Dermatophytosis constitutes a big chunk of “bread and butter” in dermatology. In fact, an average of 4.1 million visits a year were due to dermatophytosis from 1995 to 2004! Nevertheless, these fungi can still stump the most seasoned dermatologist, and misdiagnosis can be surprisingly common. Dr. Adam Friedman, Professor, Interim Chair, and Program Director of Dermatology at George Washington School of Medicine and Health Sciences, recently presented interesting cases and practical pearls on how to diagnose and treat dermatophytosis. Here are some highlights.
Make the Diagnosis
Here’s the golden rule: if there is scale, scrape it!
KOH preparation is first line in diagnosis of dermatophytosis. Do you follow this rule? A recent survey showed that the percentages of dermatologists who scrape when suspicious of dermatophytosis were only 20-30% (always) and 30-40% (very often). Next, histology can be helpful in diagnosing nail fungus and Majocci’s granuloma (where KOH is usually negative). Fungal culture be helpful to guide anti-fungal therapy, especially for tinea capitis in children.
Tinea pedis is the most common form of skin fungal infection, and there are 4 types: moccasin, interdigital, bullous, and ulcerative.
Don’t forget that non-dermatophytes (S. dimidiatum; S. hyalinum) can cause identical findings! Also, an exuberant dermatophytid (or “id”) reaction, an inflammatory response to the fungal infection, can accompany findings of dermatophytosis. When you see a 2-hand-1-foot (or vice-versa) involvement, this can be another clue for diagnosing tinea pedis.
While topical azoles (econazole, other azoles) and allylamines (terbinafine, naftifine) and antifungal powder/spray weekly to shoes have been the mainstay treatment, there are some new topical options available. Luliconazole 1% cream (daily for 2 week) for moist macerated web space; naftifine 2% gel and cream (daily for 2 week) for dry, scaling plaques; and urea 40% cream for moccasin tinea pedis have shown efficacy.
What about systemic anti-fungal therapy? The moccasin type and vesicular type may warrant oral terbinafine 250mg BID for 2-6 weeks and 2 weeks, respectively. Since the vesicular type may have superimposed bacterial infection, an oral antibiotic may also be considered.
Nails are often affected, and recurrence is frequent. Therefore, oral anti-fungal therapy is warranted for tinea manuum.
Junk by the Junk: Tinea Cruris
Often sparing the scrotum and penis, tinea cruris occurs more commonly in men. Keep a degree of suspicion for mimickers of tinea cruris—inverse psoriasis, intertrigo, benign familial pemphigus, and erythrasma (grab that Wood’s lamp!)!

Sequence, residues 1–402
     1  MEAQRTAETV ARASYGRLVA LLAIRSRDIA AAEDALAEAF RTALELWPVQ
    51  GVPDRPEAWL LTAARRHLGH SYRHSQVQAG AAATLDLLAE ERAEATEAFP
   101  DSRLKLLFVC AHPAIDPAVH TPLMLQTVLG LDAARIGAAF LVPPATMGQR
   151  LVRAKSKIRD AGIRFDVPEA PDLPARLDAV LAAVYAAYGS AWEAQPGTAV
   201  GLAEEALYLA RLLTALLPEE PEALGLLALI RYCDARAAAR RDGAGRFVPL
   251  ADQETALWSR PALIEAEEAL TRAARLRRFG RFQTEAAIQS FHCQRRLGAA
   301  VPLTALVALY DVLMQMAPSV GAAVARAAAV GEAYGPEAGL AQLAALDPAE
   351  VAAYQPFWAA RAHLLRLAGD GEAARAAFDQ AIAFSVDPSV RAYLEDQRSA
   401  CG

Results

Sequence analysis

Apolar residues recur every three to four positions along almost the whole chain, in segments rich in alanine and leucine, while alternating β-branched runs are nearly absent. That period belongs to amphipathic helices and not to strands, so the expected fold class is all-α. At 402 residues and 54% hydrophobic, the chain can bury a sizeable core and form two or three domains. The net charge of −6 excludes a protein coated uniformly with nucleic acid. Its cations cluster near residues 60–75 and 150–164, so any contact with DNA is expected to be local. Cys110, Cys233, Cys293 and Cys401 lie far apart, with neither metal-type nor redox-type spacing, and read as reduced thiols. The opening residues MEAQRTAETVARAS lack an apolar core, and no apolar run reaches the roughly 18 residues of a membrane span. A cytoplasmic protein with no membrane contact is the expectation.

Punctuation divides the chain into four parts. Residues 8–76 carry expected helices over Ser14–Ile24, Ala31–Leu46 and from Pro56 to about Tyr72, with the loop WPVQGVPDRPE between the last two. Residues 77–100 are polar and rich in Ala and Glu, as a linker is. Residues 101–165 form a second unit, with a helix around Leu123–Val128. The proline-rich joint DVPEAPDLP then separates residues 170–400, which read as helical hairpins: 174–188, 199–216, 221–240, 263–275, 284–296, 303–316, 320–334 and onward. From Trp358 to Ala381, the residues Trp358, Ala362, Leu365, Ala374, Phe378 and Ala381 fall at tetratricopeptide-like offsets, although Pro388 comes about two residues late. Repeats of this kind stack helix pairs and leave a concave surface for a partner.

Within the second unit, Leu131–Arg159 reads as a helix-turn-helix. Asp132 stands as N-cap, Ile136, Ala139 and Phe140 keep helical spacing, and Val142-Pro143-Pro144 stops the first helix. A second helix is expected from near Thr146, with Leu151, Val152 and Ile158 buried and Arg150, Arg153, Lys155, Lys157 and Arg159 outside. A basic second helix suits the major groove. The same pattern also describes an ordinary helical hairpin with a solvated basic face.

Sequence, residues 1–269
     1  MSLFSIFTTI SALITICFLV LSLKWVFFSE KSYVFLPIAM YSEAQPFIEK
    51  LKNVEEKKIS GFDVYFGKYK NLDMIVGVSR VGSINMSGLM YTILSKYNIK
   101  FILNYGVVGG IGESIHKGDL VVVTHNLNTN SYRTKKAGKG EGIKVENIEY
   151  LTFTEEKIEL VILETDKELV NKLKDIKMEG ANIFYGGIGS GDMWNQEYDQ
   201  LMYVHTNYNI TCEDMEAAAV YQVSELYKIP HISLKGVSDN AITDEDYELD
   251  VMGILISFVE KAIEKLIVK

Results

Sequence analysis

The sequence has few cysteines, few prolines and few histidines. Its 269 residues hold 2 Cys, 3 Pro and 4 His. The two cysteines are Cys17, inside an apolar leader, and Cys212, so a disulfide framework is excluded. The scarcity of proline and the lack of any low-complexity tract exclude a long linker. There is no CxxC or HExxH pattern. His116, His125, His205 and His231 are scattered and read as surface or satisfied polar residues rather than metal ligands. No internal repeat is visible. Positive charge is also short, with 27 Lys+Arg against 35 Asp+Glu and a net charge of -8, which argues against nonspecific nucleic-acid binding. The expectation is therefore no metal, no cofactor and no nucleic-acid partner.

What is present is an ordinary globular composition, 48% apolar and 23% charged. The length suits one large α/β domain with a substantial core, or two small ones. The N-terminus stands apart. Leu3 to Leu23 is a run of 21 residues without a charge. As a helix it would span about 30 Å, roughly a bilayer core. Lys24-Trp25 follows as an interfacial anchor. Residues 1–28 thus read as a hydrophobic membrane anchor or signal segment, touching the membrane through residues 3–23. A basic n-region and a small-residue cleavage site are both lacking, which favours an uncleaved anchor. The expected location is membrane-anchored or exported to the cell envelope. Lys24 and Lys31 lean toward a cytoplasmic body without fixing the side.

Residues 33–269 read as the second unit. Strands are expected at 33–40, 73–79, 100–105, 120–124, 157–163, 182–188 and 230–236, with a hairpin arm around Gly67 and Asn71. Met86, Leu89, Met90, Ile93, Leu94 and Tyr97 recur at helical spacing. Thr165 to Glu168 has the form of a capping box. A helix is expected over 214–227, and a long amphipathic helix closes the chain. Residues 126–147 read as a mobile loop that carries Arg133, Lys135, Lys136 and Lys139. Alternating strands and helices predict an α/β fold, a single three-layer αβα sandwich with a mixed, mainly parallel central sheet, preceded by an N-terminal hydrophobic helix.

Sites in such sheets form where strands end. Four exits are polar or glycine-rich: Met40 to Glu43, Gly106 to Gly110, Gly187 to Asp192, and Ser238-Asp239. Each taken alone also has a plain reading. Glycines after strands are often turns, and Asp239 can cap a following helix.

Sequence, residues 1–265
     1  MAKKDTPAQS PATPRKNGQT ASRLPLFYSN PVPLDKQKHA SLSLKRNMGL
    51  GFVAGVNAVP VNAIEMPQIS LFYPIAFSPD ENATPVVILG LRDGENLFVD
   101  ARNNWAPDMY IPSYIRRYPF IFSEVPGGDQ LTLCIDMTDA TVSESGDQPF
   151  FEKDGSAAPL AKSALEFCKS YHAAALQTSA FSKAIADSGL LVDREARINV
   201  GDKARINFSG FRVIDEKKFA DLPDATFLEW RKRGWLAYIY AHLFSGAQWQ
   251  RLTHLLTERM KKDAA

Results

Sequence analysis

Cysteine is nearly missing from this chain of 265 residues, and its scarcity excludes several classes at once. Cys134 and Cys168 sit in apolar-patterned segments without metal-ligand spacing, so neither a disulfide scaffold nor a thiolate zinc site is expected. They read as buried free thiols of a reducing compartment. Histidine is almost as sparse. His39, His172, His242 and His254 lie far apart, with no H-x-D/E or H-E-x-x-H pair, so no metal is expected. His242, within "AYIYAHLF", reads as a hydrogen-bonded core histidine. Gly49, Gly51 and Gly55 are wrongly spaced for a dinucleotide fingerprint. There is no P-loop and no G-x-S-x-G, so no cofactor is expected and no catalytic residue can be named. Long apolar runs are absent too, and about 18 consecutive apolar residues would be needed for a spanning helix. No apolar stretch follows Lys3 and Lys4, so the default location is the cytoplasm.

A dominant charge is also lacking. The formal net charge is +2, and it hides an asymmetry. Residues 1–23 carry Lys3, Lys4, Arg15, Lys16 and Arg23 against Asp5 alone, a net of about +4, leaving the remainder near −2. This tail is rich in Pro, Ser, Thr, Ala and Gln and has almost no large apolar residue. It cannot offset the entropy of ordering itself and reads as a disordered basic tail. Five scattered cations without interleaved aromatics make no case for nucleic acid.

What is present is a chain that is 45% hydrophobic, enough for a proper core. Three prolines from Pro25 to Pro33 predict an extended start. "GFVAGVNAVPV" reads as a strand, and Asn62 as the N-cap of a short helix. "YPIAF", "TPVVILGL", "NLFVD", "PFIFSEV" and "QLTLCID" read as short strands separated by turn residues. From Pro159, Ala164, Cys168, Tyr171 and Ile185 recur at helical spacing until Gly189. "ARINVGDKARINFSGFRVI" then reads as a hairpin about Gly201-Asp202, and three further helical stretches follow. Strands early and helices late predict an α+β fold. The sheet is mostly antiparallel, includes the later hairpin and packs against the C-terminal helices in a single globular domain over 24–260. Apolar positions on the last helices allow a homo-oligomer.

Tinea capitis can present as non-inflammatory (black dot, seborrheic), inflammatory (kerion), or both. When inflammatory, perform both fungal and bacterial culture and include an anti-inflammatory component in the treatment plan.
Of course, systemic treatment is required for tinea capitis, as follows:
- Griseofulvin is better for canis
Dose at 20mg/kg for eight weeks or at least 2 weeks past no further symptoms. If micronized, 15-25mg/kg daily is recommended; if ultramicronized, 10mg/kg daily is recommended. A single dose can be given with a fat-containing meal.
- Terbinafine is better for rubrum
If less weighing less than 20kg, dose at 62.5mg daily for 6 week.
- Combine above systemic therapy with ketoconazole 2% shampoo (leave on scalp for 5 minutes before rinsing)
- Re-culture at 1 month to ensure response to treatment!
About 50% of all nail dystrophy is due to fungus (and 90% of that is due to dermatophytes). Therefore, always look for coinciding tinea pedis, and know the differential diagnosis – allergic contact (nail polish, food items), candida chronic paronychia, psoriasis, lichen planus, nail dystrophies (ie, nephrogenic), drugs, and malignancy!
The most common treatment is terbinafine (250mg daily for 6 weeks for fingernails and 12 weeks for toenails). Other options include itraconazole (400mg a week for 6 weeks for fingernails and 12 weeks for toenails) and fluconazole (300-450mg a week for 6 months for fingernails and 9 months for toenails). Non-response or recurrence may occur in severe disease, non-dermatophyte infection, host factors (immunosuppression, PVD, poorly controlled diabetes), or wrong diagnosis.
Now, are you ready for a mind-blowing fact?
What does this mean? Empiric treatment with terbinafine may be more cost-effective than confirmatory testing with minimal effect on safety, although this is against AAD guidelines. Confirmatory testing before efinaconazole will reduce costs across a range of disease prevalence. As hepatic risk for terbinafine is merely one in 50,000 to 120,000, the practice is now trending away from routine monitoring. What is your practice?
Hopefully, this inspires you to go out and fight the fungus among us!
This information was presented by Dr. Adam Friedman at the 16th Annual ODAC Dermatology, Aesthetics and Surgical Conference held January 18th-21st, 2019 in Orlando, FL. The above highlights from his lecture were written and compiled by Dr. InYoung Kim, one of the 5 residents who participated in the Sun Resident Career Mentorship Program (a program supported by an educational grant from Sun Pharmaceutical Industries, Inc.).
Figure 1A: Courtesy of Adam Friedman, MD
Figure 1B: Courtesy of the Journal of Drugs in Dermatology
Figure 1C: Courtesy of the Journal of Drugs in Dermatology
Figure 2: Courtesy of the Journal of Drugs in Dermatology
Figure 3: Public domain image – Wikipidia Commons
Figure 4: Public Domain Image – Wikipidia commons
Figure 5: Creative Commons Attribution-NonCommercial-ShareAlike 3.0 License, Noronha, Tonita M., Raghavendra S. Tophakhane, and Shobha Nadiger. “Clinico-microbiological study of dermatophytosis in a tertiary-care hospital in North Karnataka.” Indian dermatology online journal 7.4 (2016): 264. https://www.ncbi.nlm.nih.gov/pmc/articles/PMC4976403/